1. Francisco is waiting on Barnardo to alleviate himself of his watch duty at midnight. Act 1.1 takes place in Denmark, during some sort of medieval time, at midnight. Francisco and Barnardo both have the same job and because there have been sightings of apparitions they are on edge. Horatio is with Barnardo and Marcellus to see the apparition if it appears. Horatio is Hamlet’s best friend.
2. When Horatio is first told of the apparition, he says that they are imagining it and nothing will appear. When the ghost first appears, Marcellus tells Barnardo to be quiet and then Barnardo says that it looks like the dead king. Horatio’s addressing of the ghost as thou offends it, causing it to leave.
3. Horatio first assumes the appearance of the ghost means that something bad is going to happen. Horatio explains the war preparations in Denmark by saying that the Danish army is preparing for an invasion from the Prince of Norway, after the death of King Hamlet. Horatio’s comment about Julius Caesar implies how he fears the fall of King Hamlet will be the fall of the land. (My two books didn’t have a change from italics in and out so I’m not sure why it was done).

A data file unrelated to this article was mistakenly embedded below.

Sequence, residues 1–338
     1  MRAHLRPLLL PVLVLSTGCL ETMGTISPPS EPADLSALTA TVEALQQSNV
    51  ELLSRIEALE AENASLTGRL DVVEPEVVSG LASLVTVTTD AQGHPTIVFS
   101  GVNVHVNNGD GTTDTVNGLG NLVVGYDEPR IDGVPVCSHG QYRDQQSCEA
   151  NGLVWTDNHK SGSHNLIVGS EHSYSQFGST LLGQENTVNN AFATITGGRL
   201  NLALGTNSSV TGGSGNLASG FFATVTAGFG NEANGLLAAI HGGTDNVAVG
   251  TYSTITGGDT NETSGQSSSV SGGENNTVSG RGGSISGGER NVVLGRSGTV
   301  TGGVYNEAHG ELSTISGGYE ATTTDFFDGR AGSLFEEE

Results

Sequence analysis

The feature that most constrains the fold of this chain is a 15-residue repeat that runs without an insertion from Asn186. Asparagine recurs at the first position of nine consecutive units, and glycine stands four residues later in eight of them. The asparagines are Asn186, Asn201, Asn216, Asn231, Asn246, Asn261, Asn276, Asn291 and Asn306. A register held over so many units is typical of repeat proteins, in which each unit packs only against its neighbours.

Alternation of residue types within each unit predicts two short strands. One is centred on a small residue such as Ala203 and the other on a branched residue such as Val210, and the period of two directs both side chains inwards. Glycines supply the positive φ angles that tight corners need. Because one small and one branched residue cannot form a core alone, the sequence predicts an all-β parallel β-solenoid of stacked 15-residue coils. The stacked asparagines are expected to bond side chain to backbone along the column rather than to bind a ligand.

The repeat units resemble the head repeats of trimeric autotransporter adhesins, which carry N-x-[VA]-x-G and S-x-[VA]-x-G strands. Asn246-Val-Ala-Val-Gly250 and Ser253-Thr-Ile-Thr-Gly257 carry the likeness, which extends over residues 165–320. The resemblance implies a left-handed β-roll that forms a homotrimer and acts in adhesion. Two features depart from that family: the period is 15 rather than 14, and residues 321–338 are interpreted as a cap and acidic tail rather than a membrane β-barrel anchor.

4. When the ghost appears a second time, Horatio tries to speak to it, asking it why it appears. After a roosters crow, the ghost starts to leave. Marcellus tries to strike it with his spear, but fails, and the ghost leaves. He believes that it was because of the violence that it left, but Horatio believes it was because of the rooster’s crow, which makes all ghosts leave.
5. The only surefire information about the ghost at this point is that it appears at midnight, at leaves when the roosters crow. The ghost has not yet shown to be either good or damned.
1. In the first part of his speech, Claudius is telling the court about his sorrow in losing King Hamlet, but his rejoice in the matter of the court accepting the marriage of Claudius to Queen Gertrude.